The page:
Butterflies and Hummingbirds Love Tall Verbena

Get tips for growing pollinator-friendly tall verbena. Plus, learn where you should and shouldn't plant this flowering perennial.

Why You Should Grow Tall Verbena

Monarch butterfly on tall verbenaCourtesy Charles Miller
Monarch butterfly

Monarchs flocked to this plant in Mackinac Island, Michigan. What is it?” asks Charles Miller of Katy, Texas. Gardening expert Melinda Myers says, “This butterfly magnet is tall verbena (Verbena bonariensis). Its seeds also attract goldfinches later in the season.”

In addition to butterflies and songbirds, keep an eye out for hummingbirds to stop by this plant (which is sometimes called purpletop verbena) that can grow to be 4 feet tall. Plant it in an area with full to part sun for the best season-long displays of purple flowers to draw in pollinators.

Discover more long-blooming flowers for attracting butterflies and hummingbirds.

Care and Growing Tips

Hummingbird Clearwing, White-lined Sphinx moth feeds on a Verbena bonariensis at the Rodale Institute on Tuesday afternoon. RNP Last Look Photo by Natalie Kolb 9/15/2015MediaNews Group/Reading Eagle via Getty Images/Getty Images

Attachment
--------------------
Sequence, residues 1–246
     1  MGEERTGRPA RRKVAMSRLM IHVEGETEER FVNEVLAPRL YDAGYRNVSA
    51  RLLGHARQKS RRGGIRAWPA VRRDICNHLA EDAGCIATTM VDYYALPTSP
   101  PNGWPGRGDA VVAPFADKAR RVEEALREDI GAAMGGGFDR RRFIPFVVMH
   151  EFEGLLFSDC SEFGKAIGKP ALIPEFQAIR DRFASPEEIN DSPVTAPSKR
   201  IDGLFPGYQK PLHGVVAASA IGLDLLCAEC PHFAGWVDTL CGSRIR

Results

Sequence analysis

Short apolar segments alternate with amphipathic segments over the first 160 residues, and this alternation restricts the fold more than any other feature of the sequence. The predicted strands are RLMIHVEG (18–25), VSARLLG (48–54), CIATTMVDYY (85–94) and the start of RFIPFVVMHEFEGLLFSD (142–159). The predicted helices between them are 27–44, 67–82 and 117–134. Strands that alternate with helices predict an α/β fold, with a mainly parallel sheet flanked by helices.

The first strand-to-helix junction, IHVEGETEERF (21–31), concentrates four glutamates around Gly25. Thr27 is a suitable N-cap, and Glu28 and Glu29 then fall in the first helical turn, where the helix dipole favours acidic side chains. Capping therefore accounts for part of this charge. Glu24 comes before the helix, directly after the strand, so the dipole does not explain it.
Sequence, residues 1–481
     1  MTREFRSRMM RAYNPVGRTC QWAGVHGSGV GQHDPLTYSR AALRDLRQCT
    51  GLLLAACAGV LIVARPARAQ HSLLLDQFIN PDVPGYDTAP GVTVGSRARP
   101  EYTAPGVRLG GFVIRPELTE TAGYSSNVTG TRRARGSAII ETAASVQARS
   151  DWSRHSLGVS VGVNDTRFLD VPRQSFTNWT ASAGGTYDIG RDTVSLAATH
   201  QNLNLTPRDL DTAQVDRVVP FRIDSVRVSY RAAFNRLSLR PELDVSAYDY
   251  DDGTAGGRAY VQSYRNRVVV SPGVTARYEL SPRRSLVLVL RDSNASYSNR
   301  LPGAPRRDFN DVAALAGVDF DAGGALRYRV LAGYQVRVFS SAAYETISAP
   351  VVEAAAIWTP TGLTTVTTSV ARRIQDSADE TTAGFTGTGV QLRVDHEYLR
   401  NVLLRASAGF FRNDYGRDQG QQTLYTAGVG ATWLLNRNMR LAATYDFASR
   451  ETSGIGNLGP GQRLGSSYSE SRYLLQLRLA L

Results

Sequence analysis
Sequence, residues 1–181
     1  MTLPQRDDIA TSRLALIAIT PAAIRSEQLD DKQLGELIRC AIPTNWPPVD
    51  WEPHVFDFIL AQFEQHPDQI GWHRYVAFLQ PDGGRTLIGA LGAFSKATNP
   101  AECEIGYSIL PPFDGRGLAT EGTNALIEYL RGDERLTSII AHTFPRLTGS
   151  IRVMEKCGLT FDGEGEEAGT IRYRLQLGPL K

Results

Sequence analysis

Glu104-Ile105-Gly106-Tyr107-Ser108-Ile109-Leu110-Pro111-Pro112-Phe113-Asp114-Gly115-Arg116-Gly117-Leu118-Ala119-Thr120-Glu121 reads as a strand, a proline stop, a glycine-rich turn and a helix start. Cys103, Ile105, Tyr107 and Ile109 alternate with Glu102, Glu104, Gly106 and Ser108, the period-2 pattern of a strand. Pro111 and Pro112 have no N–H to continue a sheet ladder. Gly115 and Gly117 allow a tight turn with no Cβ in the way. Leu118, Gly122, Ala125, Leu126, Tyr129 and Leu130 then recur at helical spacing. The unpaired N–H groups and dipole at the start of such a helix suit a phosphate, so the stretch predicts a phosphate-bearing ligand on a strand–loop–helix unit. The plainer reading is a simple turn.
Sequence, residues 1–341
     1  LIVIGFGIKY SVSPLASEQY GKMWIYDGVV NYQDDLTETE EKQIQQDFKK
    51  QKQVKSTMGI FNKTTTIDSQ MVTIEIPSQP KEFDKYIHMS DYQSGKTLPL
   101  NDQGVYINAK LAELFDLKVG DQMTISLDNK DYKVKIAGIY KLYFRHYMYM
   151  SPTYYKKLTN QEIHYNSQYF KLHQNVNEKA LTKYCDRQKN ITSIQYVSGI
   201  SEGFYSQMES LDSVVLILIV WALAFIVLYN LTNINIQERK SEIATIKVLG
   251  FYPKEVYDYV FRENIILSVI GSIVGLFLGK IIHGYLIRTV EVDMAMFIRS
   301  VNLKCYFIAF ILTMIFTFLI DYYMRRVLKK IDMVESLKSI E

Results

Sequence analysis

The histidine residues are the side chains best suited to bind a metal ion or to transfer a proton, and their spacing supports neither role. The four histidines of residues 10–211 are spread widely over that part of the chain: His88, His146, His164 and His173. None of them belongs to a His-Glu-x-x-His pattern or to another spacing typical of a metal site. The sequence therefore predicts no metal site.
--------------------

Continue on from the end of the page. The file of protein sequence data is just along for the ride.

White-lined sphinx moth

Tall verbena is a perennial in Zones 7 to 11 and a self-seeding annual in colder areas. Melinda says, “This means you can plant it once and it’ll spread seeds for new plants the following year. Some gardeners find this annoying, while others enjoy the free flowers.” If its self-seeding is a concern for you, Melinda says newer compact varieties such as Meteor Shower produce fewer seeds.

One note of caution from Melinda. If you live in the Southeast or parts of the western U.S. and the Northeast, it’s important to know that tall verbena can be considered invasive in those areas. Consult a local native plant expert for alternatives for your area. (Psst—here are the worst invasive plants you shouldn’t grow.)

Grow tall verbena in containers as a vertical accent, plant it en masse in the garden or allow it to grow through ornamental grasses and other perennials. In addition to full sun, give it a spot in moist, well-draining soil, though it occasionally tolerates dry conditions.

Next, check out more butterfly flowers that are easy to grow from seed.

Molly Jasinski
Molly Jasinski is a writer, editor and social media manager for Birds & Blooms. She enjoys watching the robins, cardinals and occasional goldfinch seen around her apartment.